Wednesday, December 26, 2012

Review: Peeps by Scott Westerfeld

Okay, let's clear up some myths about vampires. First of all, you won't see me using the V-word much. In the Night Watch we prefer the term parasite-positives, or peeps, for short.
The main thing to remember is that there's no magic involved. No flying. No transforming into rats or bats either... [blurb]

I made some mistakes with vampire and urban fantasy type books lately as my reviews will tell. I remain hopeful of finding some GOOD ones. I know they're out there but there's a lot that's not to my taste obscuring the great reads. I made a rather different mistake here. That was to start reading late at night. I thought I'd read a chapter or two then get some sleep.

Here I found a very different vampire novel and a very well researched book. I particularly love books that have great research at the centre - other examples are The Historian by Elizabeth Kostova and The Guernsey Literary and Potato Peel Pie Society by Mary Ann Shaffer. They gain a great deal of strength from their research and I love to gain knowledge while enjoying a fantastic story. The depth and integration of research into Peeps is brilliant. I think this is what kept me reading past so many just-one-more-chapter deadlines.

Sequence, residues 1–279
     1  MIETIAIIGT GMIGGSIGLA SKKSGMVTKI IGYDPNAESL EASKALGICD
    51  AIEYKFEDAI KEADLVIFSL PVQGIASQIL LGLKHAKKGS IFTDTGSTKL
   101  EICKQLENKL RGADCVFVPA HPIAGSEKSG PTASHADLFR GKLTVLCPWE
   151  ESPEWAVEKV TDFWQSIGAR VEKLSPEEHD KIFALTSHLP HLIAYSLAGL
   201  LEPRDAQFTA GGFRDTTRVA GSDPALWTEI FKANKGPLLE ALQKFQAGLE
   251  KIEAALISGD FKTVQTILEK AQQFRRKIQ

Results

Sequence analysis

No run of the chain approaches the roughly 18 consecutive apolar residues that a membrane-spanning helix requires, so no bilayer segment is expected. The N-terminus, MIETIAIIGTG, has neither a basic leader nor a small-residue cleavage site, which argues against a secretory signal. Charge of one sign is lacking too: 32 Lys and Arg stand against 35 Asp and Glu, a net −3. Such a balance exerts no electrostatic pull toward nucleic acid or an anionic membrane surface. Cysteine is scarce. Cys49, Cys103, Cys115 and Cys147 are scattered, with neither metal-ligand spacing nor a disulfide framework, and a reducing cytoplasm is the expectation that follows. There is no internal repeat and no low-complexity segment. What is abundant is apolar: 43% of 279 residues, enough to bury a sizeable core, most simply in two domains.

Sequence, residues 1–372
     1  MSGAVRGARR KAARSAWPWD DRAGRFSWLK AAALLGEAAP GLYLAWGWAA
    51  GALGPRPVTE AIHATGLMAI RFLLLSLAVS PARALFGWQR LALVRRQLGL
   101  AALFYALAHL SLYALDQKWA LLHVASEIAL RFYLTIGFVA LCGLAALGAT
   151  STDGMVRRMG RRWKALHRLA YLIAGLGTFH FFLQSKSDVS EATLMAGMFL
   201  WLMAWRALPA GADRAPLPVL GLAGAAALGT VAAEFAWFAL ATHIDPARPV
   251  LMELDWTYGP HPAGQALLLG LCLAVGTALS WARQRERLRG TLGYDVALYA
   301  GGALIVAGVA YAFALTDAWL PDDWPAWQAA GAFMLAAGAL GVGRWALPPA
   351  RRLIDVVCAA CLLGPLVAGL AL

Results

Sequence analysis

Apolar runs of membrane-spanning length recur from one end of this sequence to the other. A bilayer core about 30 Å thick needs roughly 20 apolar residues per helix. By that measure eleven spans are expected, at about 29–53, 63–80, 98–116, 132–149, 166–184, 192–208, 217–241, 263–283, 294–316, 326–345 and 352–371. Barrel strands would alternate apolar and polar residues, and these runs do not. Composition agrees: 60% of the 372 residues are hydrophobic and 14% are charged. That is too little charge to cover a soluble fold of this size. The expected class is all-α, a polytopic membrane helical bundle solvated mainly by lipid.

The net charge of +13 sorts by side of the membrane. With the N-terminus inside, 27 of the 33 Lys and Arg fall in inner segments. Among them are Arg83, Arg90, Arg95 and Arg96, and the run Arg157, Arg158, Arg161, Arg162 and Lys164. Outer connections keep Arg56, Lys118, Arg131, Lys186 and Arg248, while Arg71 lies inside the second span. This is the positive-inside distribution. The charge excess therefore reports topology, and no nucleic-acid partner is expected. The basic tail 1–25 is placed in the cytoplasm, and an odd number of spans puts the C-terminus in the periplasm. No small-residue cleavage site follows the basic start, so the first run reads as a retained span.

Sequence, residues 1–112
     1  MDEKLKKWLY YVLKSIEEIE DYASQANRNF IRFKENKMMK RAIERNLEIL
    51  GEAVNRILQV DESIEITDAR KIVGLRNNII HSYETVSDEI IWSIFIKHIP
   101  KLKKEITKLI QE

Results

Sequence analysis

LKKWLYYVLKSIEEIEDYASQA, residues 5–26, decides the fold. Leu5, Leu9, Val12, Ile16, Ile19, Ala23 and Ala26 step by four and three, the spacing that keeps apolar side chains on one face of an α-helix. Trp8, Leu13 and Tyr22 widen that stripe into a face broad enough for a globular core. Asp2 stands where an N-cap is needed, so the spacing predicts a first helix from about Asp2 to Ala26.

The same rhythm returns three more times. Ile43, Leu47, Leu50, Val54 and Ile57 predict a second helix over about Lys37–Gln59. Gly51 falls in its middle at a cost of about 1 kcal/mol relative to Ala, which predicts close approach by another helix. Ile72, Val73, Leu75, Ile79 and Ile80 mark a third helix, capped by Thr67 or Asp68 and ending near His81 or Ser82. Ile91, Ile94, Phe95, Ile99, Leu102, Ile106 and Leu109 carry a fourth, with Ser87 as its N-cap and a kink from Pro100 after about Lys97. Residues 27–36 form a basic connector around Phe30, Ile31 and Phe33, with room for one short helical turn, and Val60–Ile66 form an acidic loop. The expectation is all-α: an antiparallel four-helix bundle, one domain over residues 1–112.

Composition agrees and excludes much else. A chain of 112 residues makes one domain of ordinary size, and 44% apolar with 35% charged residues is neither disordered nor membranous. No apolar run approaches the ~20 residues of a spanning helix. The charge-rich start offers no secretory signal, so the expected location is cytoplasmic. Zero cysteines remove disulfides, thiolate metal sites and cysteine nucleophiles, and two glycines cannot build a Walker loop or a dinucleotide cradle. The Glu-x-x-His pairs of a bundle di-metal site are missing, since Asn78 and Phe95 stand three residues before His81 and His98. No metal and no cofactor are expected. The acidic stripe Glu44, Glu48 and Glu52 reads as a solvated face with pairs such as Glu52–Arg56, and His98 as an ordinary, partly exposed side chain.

Like The HistorianPeeps suffers from a weak ending. The fantastic research and resulting species and world-building appears to be the point, but whilst most of the story worked well certain aspects of the ending felt contrived - they were just there so that things could be brought neatly to a close to create a story rather than a fascinating study. Also like The Historian I can forgive Peeps because I loved the rest of the book so much.

Peeps won't be for everyone. There's a crash-course in parasitology and epidemiology strewn throughout - pretty much every second chapter is mostly factual research. It's well written and concise to keep the reader's attention. It is, however, probably not for those who are very squeamish.

On the other hand, if you like urban fantasy, less starry-eyed-and-too-perfect vampires and a well researched story I'd definitely recommend this book. It's a few years old now but not too hard to find.

There's a second novel, The Last Days, that connects to this one though according to the summary I have read does not focus on the same characters. I'll be looking forward to reading this one soon and seeing what it has to add.

Scott Westerfeld was an author I'd noticed enjoying some popularity a while ago - but as I find popularity and quality don't necessarily have a whole lot to do with each other in the book world I'd not been in any particular hurry to read his work. I believe I've found a new author to explore the works of here!


  1. I have heard about this book from everyone it seems and it has come highly recommended from all. For good reason I should add. Mary Ann Shaffer and Annie Barrows did a tremendous job in co-authoring this novel.

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